Mounted Anti-Poaching Units

Much like dogs have been brought into the poaching crisis for their specific skill set, horses are becoming a useful tool for anti-poaching units. Many active units are incorporating horses into their arsenal of tools to fight poaching. The horses have also been a game-changer for the rangers on patrol. On foot, a ranger can patrol 6 to 13 kilometers per 8-hour shift depending upon terrain. On horseback, the rangers can travel faster and farther than on foot, covering about 31 kilometers over a standard 5.5-hour patrol.

Horses also have advantages over vehicle patrols – they can travel more quietly and with less ecological impact. They are able to follow the exact pathways of rhinos, elephants and other wildlife where vehicles can meet heavy challenges in rough or steep terrain. This is also beneficial for emergency veterinary procedures or management efforts, as it is possible to get much closer to an animal hiding in the brush to administer a tranquilizer dart. Mounted rangers also have an added level of protection. For example, horses give the ranger a higher field of vision over tall savanna grasses. Wildlife reacts to mounted rangers as they would a new or interesting animal – with curiosity as opposed to fear. A horse can outrun most dangerous animals, while a ranger on foot must be extra diligent since they can’t get away as fast. The horses command respect and elicit a degree of fear and intimidation from the poachers. Being chased down and apprehended by a mounted ranger is a very real possibility and one that makes them think twice about the location they choose. The advantages the horses bring to patrol come at a time when rhino poaching in the Eastern Cape is on the rise, despite an overall downward trend across South Africa beginning in 2014. The Eastern Cape saw a 58% increase in poaching in 2018 over the previous year. The increase of poaching incidents in the Eastern Cape indicates a change in the poachers’ targeted zones.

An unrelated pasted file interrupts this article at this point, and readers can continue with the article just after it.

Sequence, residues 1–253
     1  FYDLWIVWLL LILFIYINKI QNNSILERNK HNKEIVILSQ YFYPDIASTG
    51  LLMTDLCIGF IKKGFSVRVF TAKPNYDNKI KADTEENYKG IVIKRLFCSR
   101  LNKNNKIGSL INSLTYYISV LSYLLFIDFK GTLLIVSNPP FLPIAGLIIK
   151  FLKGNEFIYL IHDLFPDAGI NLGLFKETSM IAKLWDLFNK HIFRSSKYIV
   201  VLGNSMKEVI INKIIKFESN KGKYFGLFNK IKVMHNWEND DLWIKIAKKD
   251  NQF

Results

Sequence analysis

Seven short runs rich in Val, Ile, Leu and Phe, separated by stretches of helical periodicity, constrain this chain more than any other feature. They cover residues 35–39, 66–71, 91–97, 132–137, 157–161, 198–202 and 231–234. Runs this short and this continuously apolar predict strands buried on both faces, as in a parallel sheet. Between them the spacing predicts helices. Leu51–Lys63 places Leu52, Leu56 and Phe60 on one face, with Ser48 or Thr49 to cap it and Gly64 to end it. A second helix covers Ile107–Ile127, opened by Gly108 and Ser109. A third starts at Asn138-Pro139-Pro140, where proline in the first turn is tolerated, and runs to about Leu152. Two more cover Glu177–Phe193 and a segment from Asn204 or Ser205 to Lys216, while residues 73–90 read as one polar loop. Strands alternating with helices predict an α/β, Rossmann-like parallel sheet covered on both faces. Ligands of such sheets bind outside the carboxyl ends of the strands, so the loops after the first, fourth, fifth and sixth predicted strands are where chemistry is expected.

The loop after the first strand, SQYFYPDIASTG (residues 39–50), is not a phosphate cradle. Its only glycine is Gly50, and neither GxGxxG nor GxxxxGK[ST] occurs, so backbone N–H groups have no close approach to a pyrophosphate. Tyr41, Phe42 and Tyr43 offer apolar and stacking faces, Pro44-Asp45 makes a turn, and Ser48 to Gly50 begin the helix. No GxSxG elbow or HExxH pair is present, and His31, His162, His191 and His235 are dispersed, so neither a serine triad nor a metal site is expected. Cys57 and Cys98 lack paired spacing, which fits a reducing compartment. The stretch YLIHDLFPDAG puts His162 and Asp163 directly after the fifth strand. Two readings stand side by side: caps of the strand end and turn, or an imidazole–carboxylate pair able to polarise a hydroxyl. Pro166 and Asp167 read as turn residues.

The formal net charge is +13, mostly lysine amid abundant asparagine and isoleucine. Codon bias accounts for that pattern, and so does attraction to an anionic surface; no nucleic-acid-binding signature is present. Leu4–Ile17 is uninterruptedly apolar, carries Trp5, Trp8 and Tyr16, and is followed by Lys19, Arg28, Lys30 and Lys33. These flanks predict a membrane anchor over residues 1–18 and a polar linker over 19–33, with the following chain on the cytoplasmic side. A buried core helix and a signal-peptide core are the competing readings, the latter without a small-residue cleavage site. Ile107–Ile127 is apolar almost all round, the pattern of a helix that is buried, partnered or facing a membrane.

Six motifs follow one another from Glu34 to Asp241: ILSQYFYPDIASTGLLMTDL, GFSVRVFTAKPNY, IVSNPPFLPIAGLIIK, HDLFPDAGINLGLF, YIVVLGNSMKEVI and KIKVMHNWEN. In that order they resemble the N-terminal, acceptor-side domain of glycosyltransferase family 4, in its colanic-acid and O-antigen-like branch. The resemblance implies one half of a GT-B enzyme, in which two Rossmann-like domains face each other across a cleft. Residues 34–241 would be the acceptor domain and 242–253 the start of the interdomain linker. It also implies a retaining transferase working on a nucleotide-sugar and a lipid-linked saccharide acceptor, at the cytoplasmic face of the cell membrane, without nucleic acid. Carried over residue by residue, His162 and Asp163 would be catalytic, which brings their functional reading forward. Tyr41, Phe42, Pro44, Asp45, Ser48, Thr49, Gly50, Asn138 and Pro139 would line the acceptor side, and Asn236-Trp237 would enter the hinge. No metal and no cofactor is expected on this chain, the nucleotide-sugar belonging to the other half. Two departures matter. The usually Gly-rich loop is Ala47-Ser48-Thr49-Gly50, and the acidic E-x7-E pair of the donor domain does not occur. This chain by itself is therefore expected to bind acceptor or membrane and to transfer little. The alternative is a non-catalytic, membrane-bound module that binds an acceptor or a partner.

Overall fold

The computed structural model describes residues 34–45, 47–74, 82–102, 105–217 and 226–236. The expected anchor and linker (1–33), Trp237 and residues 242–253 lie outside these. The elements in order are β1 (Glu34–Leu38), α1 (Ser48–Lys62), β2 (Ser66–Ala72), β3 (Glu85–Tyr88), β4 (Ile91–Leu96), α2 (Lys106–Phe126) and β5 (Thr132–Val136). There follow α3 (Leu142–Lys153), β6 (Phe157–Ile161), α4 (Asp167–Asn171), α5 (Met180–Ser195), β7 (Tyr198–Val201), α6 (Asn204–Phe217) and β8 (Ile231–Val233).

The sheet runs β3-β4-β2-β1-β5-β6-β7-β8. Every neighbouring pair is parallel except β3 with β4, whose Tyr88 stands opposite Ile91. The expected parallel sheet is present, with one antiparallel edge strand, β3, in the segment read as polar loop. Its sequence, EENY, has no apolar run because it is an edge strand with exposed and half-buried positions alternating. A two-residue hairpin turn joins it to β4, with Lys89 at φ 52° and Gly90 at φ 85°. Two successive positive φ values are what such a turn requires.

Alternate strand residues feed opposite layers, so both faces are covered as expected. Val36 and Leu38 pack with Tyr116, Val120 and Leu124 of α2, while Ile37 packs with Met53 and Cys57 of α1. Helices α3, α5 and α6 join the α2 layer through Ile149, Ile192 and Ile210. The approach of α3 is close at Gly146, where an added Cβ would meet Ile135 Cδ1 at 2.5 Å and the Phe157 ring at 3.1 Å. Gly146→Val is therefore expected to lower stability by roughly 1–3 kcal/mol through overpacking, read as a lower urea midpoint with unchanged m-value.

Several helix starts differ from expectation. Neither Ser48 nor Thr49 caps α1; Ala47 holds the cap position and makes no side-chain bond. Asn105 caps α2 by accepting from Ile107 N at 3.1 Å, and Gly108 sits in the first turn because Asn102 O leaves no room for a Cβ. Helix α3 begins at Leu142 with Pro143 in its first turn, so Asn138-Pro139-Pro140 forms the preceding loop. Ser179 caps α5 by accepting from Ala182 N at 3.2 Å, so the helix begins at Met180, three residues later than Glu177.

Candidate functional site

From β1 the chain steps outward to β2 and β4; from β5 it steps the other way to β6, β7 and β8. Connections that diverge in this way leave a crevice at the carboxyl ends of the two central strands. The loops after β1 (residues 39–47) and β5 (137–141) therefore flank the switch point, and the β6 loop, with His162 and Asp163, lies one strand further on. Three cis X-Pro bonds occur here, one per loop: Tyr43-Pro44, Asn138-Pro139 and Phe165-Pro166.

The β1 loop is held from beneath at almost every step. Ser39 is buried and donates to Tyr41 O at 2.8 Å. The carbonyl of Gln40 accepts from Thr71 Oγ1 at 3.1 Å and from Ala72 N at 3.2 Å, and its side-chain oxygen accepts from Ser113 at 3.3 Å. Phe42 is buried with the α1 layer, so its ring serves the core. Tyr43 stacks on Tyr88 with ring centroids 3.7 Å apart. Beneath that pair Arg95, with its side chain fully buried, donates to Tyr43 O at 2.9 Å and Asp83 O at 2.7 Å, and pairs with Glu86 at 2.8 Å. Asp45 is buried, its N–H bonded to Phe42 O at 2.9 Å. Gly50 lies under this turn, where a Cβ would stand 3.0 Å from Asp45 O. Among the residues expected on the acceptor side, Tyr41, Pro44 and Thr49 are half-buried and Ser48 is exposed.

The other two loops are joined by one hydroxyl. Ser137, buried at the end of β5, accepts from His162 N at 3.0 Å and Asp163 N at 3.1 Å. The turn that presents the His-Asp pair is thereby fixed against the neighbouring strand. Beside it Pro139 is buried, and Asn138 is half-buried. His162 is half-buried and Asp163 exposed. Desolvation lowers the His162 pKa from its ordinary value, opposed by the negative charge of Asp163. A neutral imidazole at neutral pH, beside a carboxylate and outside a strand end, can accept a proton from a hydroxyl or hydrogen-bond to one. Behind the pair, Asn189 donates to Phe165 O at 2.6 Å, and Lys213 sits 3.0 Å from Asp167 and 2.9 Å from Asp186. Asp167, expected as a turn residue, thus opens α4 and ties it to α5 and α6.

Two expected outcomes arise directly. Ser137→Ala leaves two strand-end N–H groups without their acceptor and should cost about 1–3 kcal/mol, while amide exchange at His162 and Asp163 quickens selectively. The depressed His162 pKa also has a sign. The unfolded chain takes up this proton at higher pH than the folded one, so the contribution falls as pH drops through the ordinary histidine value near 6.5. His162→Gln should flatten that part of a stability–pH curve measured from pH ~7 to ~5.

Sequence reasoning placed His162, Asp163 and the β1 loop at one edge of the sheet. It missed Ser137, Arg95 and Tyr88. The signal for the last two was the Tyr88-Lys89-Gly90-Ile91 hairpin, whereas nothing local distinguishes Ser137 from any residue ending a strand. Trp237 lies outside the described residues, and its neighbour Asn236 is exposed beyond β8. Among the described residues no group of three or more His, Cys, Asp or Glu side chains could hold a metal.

The horses have created an amazing opportunity for the rangers to connect with the community, acting as a gateway animal for the village to bond with and paving the road of trust and community involvement with the wildlife and the APU. Despite living in such close proximity, many of the local children have never seen a rhino, elephant, or giraffe. The horses are a beacon, especially to children, and naturally encourage people to come up and ask questions.